But the book was just as horrible. I could not wrap my head around why people would actually enjoy a story like that. The story line is basically a modern time Cinderella recreation, which was a thing in the 80’s and 90’s. But seriously, in 2018?
And then it touched upon a very interesting topic, rich Asians. Or, crazy rich Asians. The book spent almost half of the length describing what the characters wore, what kind of cars they drove and how glorious they looked. Aha, hence “rich”.
Look, this is one of those books that make me angry. I stared at the 4-star ratings on Goodreads and I got even angrier. Nonetheless, I was still willing to give the movie a shot because the trailer looked at least really interesting.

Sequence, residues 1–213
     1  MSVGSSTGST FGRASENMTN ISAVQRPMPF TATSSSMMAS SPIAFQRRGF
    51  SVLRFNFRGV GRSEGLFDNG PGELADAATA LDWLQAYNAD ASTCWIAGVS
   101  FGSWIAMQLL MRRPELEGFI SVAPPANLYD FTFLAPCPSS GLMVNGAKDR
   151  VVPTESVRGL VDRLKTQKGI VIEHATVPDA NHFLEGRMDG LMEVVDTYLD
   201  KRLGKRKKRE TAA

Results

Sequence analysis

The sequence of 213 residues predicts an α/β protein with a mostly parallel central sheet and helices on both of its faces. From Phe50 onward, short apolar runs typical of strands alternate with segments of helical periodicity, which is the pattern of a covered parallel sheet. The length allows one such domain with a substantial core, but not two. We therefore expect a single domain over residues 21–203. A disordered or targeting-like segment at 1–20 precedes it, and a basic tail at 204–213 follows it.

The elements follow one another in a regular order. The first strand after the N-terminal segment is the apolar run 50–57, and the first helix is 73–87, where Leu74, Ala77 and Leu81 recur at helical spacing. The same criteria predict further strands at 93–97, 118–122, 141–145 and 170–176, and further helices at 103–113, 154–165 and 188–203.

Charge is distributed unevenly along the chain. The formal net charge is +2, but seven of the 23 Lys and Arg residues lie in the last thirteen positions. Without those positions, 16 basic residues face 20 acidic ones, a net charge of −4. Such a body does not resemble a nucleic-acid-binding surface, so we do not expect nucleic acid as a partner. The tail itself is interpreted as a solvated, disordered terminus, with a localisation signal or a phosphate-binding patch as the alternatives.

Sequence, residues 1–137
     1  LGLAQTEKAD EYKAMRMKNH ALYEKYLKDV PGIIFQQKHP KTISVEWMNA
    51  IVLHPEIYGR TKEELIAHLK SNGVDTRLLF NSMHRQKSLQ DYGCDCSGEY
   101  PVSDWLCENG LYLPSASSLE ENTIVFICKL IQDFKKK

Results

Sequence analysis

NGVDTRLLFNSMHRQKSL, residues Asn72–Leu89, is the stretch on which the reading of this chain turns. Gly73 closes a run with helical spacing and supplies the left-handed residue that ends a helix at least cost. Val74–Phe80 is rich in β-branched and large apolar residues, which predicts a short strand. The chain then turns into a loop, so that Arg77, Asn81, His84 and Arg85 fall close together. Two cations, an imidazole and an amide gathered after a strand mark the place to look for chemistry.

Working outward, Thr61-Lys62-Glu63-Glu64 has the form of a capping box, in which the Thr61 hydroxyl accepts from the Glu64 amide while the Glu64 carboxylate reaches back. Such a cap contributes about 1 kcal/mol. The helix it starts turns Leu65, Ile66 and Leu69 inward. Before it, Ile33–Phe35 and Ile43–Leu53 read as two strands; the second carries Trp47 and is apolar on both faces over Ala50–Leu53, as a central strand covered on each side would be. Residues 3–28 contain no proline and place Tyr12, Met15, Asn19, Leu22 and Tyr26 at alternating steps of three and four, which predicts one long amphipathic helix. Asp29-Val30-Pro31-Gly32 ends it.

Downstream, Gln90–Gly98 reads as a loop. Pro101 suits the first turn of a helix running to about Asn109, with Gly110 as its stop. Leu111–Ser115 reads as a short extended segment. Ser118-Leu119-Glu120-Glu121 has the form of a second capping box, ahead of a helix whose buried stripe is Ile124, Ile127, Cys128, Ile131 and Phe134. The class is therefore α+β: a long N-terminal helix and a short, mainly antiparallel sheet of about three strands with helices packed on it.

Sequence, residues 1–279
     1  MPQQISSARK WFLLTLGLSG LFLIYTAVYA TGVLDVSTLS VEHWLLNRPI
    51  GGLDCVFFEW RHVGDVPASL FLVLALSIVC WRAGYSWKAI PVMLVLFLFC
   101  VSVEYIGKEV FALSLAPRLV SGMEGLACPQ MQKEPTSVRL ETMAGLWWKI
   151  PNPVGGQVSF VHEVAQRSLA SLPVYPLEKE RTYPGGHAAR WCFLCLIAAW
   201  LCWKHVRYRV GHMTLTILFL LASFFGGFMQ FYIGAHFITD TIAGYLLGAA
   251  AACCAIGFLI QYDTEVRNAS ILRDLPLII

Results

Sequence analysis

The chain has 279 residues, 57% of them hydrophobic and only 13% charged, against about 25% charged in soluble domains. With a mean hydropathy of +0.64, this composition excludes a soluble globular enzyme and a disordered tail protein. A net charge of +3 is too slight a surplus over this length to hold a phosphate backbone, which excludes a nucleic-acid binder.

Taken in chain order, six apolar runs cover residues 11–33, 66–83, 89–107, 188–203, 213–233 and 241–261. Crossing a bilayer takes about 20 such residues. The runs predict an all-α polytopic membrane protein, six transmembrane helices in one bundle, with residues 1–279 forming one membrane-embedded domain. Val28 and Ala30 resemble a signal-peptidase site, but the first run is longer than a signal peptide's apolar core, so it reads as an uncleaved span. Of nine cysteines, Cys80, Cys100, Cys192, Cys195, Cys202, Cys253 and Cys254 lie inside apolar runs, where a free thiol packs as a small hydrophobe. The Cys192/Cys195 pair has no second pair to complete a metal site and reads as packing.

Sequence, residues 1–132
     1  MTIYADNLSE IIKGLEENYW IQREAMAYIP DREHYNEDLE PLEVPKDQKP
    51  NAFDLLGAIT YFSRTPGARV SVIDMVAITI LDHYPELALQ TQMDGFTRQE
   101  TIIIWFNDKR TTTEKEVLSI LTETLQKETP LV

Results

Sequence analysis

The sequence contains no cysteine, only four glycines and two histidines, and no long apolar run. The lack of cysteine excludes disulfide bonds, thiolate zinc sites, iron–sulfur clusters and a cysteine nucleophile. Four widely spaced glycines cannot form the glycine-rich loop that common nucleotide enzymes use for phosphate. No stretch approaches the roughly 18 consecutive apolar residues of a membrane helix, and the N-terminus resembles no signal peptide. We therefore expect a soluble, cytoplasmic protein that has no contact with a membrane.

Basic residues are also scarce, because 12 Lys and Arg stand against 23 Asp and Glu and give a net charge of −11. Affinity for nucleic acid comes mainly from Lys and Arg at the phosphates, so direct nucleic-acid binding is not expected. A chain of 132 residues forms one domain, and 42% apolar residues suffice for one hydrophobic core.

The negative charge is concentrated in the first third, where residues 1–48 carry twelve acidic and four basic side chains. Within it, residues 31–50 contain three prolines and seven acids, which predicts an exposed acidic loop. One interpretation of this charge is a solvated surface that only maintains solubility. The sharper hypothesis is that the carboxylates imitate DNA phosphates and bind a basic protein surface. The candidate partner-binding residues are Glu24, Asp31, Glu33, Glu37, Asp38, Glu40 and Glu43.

Slippery slope. I utterly, wholeheartedly, hated the movie (and the book). I had to skip most part of it to get to the very end.
The only thing that makes Crazy Rich Asians special is its all-Asian cast in Hollywood. But to leave that aside, it is just a very badly-made movie (in my humble opinion). I do not see why it should sweep over Chinese audience at all, when the Hollywood politics hardly matter to them.
Or because it is an Asian story made by Hollywood? And that shall, what, make Chinese people flattered and proud? That’s some screwed-up thinking, really.
Why is the “Crazy Rich Asians” movie important?
It depends how you see this. I think it’s important to Asian Americans because this is the first Hollywood movie with all Asian American/Asia cast that reached the US audience mainstream. Asian Americans are often left out of the mainstream entertainment content, including TV series and films and, even when they are included, they are given mostly minor roles and are reduced to stereotypes.